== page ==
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Just because a product is new doesn’t automatically make it the best or even the right solution for you. This is why in 2021, I argue that the Sony dn1080 AV receiver is the ultimate receiver for someone just looking to build their very first home theatre. And that’s why we’re reviewing it today.

The Sony str dn1080 is a seven channel home theatre receiver and for those of you that may need just a little bit of a refresher course, a home theatre receiver is basically your home cinemas brain that enables you to connect all of your various source components as well as power your loudspeakers.

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Now what makes the 1080 so enticing at this price point is the fact that it supports the latest surround sound codec which is Dolby Atmos. This enables you to use high channels in your ceiling or using Dolby Atmos modules atop your left and right main speakers. It also features auto speakers setup and room calibration which is a huge plus for anyone who’s just getting started in home theatre, and also ensures that you get the absolute maximum performance out of any loudspeaker that you connect to it. 

In theory, we’re going to go over that in the performance section in a little bit. It has six HDMI inputs and two HDMI monitor outputs, why would you need two HDMI monitor outputs? Well, so that you can run multiple displays, either in the same room or in separate rooms, multiple HDMI monitor outputs come in real handy if you’re looking to use a flat panel TV and a front projection setup in the same room and yes, for those of you who may be concerned or curious, the HDMI monitor outputs are also independent.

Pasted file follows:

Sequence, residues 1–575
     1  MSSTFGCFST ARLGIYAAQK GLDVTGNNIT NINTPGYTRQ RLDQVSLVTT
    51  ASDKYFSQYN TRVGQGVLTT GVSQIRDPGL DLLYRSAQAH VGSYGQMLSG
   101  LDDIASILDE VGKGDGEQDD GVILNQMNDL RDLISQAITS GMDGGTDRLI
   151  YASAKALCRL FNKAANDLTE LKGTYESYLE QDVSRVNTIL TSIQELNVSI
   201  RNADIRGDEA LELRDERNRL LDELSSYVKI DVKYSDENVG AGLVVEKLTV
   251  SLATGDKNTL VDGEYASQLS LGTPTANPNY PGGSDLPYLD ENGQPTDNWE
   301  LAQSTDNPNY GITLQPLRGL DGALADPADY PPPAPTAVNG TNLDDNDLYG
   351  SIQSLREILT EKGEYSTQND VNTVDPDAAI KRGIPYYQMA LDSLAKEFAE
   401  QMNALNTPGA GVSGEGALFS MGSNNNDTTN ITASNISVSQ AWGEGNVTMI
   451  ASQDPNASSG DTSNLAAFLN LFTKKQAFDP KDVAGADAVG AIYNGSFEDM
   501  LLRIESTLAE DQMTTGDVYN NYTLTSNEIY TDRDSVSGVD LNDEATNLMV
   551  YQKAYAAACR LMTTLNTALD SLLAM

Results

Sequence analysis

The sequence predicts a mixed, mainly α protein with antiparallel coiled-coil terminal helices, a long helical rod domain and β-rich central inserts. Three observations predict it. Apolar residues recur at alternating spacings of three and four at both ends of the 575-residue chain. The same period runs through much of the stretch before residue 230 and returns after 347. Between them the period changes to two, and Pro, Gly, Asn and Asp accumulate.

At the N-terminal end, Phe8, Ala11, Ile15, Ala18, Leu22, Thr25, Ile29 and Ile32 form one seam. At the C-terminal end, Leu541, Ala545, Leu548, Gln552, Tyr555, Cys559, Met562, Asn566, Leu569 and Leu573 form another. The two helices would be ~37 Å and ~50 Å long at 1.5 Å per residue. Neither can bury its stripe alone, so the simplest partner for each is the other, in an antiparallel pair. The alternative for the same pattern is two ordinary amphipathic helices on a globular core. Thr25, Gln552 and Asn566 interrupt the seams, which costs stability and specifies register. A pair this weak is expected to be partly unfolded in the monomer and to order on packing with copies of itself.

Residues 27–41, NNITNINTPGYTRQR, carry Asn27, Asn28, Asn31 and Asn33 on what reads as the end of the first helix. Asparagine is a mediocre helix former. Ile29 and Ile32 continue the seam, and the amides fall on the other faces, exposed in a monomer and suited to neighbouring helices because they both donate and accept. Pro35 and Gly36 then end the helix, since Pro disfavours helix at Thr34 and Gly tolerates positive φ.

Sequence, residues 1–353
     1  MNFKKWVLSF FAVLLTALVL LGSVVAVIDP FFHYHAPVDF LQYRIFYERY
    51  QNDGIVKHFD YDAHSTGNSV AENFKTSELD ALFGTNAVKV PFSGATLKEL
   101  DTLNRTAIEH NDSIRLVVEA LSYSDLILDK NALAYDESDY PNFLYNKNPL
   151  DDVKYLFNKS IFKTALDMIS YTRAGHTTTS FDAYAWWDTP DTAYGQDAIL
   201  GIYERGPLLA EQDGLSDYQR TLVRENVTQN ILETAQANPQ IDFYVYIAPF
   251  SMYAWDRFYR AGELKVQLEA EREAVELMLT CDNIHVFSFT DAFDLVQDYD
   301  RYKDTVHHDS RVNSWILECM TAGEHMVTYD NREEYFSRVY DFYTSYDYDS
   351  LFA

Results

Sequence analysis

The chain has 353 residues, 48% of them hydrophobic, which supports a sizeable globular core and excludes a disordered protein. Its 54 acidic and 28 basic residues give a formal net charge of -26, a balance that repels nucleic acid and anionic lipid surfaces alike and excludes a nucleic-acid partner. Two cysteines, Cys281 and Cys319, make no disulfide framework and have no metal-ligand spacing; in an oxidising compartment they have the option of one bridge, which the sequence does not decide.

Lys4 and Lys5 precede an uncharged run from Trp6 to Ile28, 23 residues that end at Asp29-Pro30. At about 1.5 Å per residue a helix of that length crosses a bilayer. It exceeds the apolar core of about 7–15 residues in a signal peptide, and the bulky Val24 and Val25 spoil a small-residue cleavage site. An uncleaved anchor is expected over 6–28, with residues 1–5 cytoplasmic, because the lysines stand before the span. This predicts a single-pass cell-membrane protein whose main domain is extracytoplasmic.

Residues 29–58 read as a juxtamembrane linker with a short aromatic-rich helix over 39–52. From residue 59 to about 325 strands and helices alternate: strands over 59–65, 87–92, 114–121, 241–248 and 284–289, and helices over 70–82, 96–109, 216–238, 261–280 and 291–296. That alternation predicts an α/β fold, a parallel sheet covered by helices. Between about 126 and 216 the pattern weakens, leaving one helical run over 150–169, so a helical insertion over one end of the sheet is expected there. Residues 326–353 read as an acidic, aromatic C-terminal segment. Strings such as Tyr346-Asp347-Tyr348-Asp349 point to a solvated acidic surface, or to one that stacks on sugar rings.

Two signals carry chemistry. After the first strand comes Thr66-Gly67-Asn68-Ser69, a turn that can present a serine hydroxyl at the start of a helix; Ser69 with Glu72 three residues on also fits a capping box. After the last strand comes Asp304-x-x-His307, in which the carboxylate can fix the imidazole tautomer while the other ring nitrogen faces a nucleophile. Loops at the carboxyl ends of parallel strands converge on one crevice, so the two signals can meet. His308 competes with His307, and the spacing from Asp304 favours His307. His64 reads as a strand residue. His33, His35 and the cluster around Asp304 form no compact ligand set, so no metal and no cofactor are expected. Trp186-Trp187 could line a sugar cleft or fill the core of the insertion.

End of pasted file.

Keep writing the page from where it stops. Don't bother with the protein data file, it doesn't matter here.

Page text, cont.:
All of the HDMI inputs are 4k enabled and they allow for the pass through of 4k 60. Sadly, there’s no 8k, or higher functionality 4k here but I argue right now in 2021, 4k and 4k 60 is still plenty good. And for those of you who may be a cable cutter like myself, the 1080 is fully equipped with all of the latest Wi Fi connectivity options; I’m talking about Wi Fi, Bluetooth , apple airplay, it even is Google Home enabled and has other features like Spotify Connect built in so for those of you that are big into the digital streaming ecosystem, this is a connected AV receiver made just for you. 


So I just rattled off some of the features of the Sony str dn1080 but for those of you interested in more of the specs. Here they are. One of the reasons why I think the 1080 is still a valid AV receiver in 2021 comes down to just how easy it is to set up. Now I have set up a lot of home theatre receivers in my day and I have got to tell you, this one has got to be among the easiest; so if you’re a first time home theatre enthusiast or buyer, its menu system is among the best that I’ve seen and it’s a menu system that Sony has been using for a number of years but it is very good and goes so far as to entirely walk you through the process.